Difference between revisions of "Internal:Public Policy/Wikimedia DC statement support proposed Senate action to restore Net Neutrality"

From Wikimedia District of Columbia
Jump to: navigation, search
(move update back into internal space)
(Update tag, remove category)
 
Line 1: Line 1:
{{draft}}
+
{{draft|historical}}
 
 
 
{{header title|title=Wikimedia DC statement supporting proposed Senate action to restore Net Neutrality}}
 
{{header title|title=Wikimedia DC statement supporting proposed Senate action to restore Net Neutrality}}
 
{{share|Wikimedia DC statement supporting proposed Senate action to restore Net Neutrality}}
 
{{share|Wikimedia DC statement supporting proposed Senate action to restore Net Neutrality}}
Line 17: Line 16:
  
 
Contact email:  press@wikidc.org
 
Contact email:  press@wikidc.org
 
<noinclude>[[Category:Press releases]]</noinclude>
 

Latest revision as of 23:52, 7 May 2018

Status: Historical

For release at 18:30 EST on Sat May 5, 2018.

In mid-May of 2018, the U.S. Senate is expected to vote on whether to apply the powers of the Congressional Review Act to restore basic Net Neutrality principles. Recent actions by the FCC have undermined the Net Neutrality regulations that were in place, and the Senate can reverse them with this vote.

Wikimedia DC supports this proposed Senate action. The issue of Net Neutrality affects Wikimedia directly. Wikimedia sites link to sources of information, including commercial sources, political sources, and sources that we may as individuals find offensive. The services Wikimedia can offer are worse if statements on Wikimedia sites cannot be verified in the sources because the ISP has blocked or slowed traffic for commercially competitive or political advocacy reasons. Without an Open Internet, Wikimedia projects could not have enjoyed their explosive growth since 2001 and would not exist in their current form as a resource accessed and relied upon all over the world.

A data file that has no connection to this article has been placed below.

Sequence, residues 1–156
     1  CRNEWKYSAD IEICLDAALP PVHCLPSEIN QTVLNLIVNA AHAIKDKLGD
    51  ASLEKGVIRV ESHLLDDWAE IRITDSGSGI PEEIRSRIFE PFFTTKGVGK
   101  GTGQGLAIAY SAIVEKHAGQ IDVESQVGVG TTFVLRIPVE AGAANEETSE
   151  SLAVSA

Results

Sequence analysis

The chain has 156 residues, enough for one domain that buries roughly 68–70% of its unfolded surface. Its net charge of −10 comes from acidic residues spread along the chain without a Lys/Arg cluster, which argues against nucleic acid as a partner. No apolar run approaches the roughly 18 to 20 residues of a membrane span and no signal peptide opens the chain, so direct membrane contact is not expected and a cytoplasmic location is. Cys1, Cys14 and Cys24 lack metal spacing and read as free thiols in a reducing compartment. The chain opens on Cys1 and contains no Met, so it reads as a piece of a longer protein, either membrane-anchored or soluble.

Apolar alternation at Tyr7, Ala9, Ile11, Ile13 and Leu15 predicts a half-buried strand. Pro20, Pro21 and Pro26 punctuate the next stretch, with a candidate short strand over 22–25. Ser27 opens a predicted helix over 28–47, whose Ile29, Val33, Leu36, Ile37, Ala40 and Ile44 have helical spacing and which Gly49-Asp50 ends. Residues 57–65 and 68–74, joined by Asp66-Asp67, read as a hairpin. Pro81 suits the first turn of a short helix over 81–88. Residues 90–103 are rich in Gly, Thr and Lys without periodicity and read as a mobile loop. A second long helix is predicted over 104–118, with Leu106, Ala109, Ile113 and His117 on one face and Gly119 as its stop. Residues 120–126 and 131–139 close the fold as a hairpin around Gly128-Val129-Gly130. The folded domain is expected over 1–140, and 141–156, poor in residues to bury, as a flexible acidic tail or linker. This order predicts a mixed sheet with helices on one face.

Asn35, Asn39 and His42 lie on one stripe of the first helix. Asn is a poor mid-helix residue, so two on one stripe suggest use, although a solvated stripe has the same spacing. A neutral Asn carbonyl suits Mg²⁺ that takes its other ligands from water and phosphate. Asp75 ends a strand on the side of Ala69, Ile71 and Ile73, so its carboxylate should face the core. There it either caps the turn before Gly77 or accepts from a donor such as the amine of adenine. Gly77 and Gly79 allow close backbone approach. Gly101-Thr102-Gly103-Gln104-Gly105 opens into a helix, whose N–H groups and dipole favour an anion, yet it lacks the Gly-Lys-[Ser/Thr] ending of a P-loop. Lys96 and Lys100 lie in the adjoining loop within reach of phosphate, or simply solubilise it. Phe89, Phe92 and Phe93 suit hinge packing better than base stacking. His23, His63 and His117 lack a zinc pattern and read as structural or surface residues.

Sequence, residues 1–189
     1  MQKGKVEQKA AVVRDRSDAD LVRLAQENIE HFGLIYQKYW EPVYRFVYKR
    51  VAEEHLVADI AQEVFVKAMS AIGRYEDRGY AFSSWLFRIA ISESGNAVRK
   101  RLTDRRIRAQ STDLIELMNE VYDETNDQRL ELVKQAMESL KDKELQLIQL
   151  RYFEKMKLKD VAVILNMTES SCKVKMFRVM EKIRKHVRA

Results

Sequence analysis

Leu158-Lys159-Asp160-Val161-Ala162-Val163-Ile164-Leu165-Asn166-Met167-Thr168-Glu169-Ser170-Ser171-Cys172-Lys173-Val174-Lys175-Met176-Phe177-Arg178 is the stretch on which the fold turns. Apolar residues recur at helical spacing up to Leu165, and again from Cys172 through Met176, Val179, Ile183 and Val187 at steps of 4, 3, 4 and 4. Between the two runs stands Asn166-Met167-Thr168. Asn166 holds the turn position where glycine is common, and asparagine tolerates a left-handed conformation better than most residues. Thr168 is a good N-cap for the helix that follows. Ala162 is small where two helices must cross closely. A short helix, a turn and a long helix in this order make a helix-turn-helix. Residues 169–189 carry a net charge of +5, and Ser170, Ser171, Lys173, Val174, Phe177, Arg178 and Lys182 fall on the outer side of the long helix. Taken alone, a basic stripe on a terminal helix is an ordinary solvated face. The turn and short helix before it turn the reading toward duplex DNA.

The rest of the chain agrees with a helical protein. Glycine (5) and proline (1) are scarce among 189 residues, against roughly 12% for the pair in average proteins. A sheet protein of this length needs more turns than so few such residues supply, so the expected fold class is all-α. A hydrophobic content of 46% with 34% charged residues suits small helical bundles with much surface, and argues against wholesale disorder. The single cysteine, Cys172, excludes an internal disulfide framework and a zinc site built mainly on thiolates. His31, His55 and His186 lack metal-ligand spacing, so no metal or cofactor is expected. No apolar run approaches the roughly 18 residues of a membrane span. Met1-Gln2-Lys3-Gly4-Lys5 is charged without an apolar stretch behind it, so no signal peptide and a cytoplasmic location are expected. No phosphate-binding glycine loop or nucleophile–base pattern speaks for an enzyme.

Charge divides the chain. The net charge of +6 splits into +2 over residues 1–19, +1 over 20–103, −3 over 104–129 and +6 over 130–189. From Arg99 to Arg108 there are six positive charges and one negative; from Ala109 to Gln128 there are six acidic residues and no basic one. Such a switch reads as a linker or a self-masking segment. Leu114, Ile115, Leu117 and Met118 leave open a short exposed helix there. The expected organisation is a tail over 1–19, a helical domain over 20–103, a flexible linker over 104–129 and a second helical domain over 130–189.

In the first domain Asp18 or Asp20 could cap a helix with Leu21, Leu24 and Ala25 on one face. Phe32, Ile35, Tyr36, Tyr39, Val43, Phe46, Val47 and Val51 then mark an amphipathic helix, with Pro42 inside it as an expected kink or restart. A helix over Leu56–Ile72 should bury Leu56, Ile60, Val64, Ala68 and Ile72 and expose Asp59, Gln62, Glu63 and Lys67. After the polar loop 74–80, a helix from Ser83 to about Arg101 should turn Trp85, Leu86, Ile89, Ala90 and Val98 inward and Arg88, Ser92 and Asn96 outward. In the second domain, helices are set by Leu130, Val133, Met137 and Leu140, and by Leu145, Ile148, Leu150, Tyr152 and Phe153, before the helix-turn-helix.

Internet Service Providers (ISPs) may need to constrain Web traffic to avoid transmitting malware and criminal content, and to prioritize during periods of congestion, and that's allowed by either set of rules. The ISPs should not, however, slow down or charge extra fees for flows of information between web sites and users to support their own product competition with those sites, or to constrain the visibility of points of view. Wikimedia DC supports bringing back the rule that prevents that kind of discrimination.

The Wikimedia Foundation has taken the view that the FCC's earlier net neutrality rules "protect[ed] internet users’ access to the internet’s wealth of information and their ability to collaborate via the internet by specifically prohibiting ISPs from discriminating among websites or applications by blocking or slowing some, or prioritizing traffic from others in exchange for a fee."

Free information should be freely available. This is part of our business. The sources of citations on Wikimedia should remain available to Americans without delay or extra costs.

Contact email: press@wikidc.org